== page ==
4. By 2020, robotics growth will accelerate the talent race, leaving 35% of robotics-related jobs vacant while the average salary increases by at least 60%.
  5. By 2019, the government will begin implementing robotics-specific regulations to preserve jobs and to address concerns of security, safety and privacy.
  6. By 2020, 60% of robots will depend on cloud-based software to define new skills, AI capabilities and application programs, leading to the formation of a robotics cloud marketplace.
  7. By 2018, 30% of all new robotic deployments will be smart collaborative robots that operate three times faster than today's robots and are safe for work around humans.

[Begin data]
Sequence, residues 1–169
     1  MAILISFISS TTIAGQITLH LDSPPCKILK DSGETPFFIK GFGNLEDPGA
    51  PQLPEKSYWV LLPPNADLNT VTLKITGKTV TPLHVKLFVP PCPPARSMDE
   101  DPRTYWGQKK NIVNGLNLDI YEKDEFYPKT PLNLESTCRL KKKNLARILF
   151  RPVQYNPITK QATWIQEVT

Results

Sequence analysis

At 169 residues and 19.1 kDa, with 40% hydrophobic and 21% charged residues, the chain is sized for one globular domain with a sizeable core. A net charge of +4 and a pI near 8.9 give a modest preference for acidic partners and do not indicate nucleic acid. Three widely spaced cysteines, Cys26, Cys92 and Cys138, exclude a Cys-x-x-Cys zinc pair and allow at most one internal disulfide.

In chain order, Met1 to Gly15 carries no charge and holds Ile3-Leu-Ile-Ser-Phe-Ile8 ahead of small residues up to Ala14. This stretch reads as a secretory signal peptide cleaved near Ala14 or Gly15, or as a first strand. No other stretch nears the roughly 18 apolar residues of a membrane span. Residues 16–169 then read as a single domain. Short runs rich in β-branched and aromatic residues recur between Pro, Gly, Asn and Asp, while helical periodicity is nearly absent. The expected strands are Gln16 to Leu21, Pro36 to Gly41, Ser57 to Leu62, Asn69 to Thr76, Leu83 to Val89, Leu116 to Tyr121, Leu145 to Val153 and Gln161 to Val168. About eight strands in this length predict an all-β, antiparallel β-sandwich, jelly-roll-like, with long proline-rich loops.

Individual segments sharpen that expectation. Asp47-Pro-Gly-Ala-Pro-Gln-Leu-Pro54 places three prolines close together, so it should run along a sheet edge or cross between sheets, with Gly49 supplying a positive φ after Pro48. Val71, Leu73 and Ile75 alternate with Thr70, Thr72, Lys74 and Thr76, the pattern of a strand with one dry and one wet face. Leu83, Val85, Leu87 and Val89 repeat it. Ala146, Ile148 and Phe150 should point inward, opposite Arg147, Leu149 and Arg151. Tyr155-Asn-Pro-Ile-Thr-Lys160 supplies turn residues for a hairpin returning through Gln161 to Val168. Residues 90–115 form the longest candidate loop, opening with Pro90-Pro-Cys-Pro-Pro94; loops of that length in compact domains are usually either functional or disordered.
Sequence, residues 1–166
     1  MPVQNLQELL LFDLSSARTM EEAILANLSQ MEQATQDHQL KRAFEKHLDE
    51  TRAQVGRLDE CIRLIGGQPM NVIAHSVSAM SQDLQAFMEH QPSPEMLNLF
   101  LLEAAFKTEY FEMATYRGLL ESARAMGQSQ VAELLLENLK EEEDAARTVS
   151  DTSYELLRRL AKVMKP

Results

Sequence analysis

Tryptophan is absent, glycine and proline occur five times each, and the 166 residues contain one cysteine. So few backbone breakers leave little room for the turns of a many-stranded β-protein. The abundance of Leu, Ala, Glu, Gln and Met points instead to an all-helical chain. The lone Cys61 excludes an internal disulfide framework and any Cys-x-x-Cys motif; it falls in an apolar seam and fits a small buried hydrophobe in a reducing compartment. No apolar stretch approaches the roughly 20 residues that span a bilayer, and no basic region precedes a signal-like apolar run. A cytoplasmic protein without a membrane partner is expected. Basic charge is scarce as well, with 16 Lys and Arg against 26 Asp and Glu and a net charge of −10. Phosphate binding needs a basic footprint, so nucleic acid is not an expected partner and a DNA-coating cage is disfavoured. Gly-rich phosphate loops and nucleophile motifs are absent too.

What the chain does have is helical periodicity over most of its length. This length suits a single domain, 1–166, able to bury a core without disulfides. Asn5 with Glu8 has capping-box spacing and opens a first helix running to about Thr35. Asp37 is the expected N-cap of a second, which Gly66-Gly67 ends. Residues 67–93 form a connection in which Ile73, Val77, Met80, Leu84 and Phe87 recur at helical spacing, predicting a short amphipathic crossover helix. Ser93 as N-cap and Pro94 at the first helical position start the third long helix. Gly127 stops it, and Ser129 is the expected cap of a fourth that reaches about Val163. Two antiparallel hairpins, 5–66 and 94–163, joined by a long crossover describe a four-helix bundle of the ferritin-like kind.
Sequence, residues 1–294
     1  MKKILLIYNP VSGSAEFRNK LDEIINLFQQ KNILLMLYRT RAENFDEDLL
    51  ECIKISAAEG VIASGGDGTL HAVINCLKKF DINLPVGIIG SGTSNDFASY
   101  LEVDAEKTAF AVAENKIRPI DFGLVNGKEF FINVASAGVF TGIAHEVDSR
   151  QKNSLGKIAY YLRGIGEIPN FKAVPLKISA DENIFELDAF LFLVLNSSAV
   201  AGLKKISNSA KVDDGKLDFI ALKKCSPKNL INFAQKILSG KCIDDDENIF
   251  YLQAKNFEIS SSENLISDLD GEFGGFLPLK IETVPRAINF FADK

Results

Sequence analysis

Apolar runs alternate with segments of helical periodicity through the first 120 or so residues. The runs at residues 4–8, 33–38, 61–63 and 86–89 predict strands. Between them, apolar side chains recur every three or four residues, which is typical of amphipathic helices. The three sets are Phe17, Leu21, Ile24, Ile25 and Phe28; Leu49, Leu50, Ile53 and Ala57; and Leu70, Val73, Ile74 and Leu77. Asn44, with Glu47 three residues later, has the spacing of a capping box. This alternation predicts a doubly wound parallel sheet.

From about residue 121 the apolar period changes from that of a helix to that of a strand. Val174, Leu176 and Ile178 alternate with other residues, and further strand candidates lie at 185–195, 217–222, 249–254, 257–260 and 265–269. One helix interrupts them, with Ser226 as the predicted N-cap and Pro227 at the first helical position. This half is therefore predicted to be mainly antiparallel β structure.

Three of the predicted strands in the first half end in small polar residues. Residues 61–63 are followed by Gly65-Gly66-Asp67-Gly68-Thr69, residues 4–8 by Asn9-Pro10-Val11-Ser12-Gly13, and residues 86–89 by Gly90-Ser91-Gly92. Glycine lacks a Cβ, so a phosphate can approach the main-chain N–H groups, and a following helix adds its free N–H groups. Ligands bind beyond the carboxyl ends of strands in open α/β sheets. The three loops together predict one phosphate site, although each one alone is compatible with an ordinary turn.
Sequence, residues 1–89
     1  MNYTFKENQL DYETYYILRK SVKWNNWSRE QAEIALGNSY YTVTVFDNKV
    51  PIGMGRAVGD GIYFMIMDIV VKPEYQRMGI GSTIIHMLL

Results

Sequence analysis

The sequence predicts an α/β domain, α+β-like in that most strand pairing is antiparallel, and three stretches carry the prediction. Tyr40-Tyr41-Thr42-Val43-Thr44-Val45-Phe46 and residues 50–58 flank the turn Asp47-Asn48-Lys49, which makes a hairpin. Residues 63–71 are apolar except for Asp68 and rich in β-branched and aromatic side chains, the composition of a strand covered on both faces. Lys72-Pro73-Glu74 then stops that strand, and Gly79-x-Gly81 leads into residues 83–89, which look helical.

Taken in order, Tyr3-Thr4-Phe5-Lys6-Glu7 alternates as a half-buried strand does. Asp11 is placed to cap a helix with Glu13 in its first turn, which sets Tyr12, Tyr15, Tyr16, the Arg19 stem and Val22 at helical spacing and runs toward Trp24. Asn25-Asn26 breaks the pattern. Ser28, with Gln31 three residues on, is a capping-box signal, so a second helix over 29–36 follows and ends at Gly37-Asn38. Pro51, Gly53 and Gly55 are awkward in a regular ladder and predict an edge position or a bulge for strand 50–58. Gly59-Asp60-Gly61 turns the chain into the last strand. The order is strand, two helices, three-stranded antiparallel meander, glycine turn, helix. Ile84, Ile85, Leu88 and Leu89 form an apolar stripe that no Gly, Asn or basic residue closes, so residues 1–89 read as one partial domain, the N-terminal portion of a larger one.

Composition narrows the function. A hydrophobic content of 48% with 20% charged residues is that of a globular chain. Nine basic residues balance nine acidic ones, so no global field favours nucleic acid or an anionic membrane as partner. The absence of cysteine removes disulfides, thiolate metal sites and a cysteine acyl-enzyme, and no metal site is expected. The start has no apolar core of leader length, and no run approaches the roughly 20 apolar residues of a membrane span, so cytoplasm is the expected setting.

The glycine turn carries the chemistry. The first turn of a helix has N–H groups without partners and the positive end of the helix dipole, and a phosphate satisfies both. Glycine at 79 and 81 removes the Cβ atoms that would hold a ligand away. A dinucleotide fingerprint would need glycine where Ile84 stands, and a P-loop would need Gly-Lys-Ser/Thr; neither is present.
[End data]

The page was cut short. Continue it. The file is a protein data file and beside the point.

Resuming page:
8. By 2020, 40% of commercial robots will become connected to a mesh of shared intelligence, resulting in 200% improvement in overall robotic operational efficiency.
  9. By 2018, 35% of leading organizations in logistics, health, utilities and resources will explore the use of robots to automate operations.
  10. By 2018, 45% of the 200 leading global e-commerce and omni-channel commerce companies will deploy robotics systems in their order fulfillment warehousing and delivery operations.
TAGS: MHL Magazine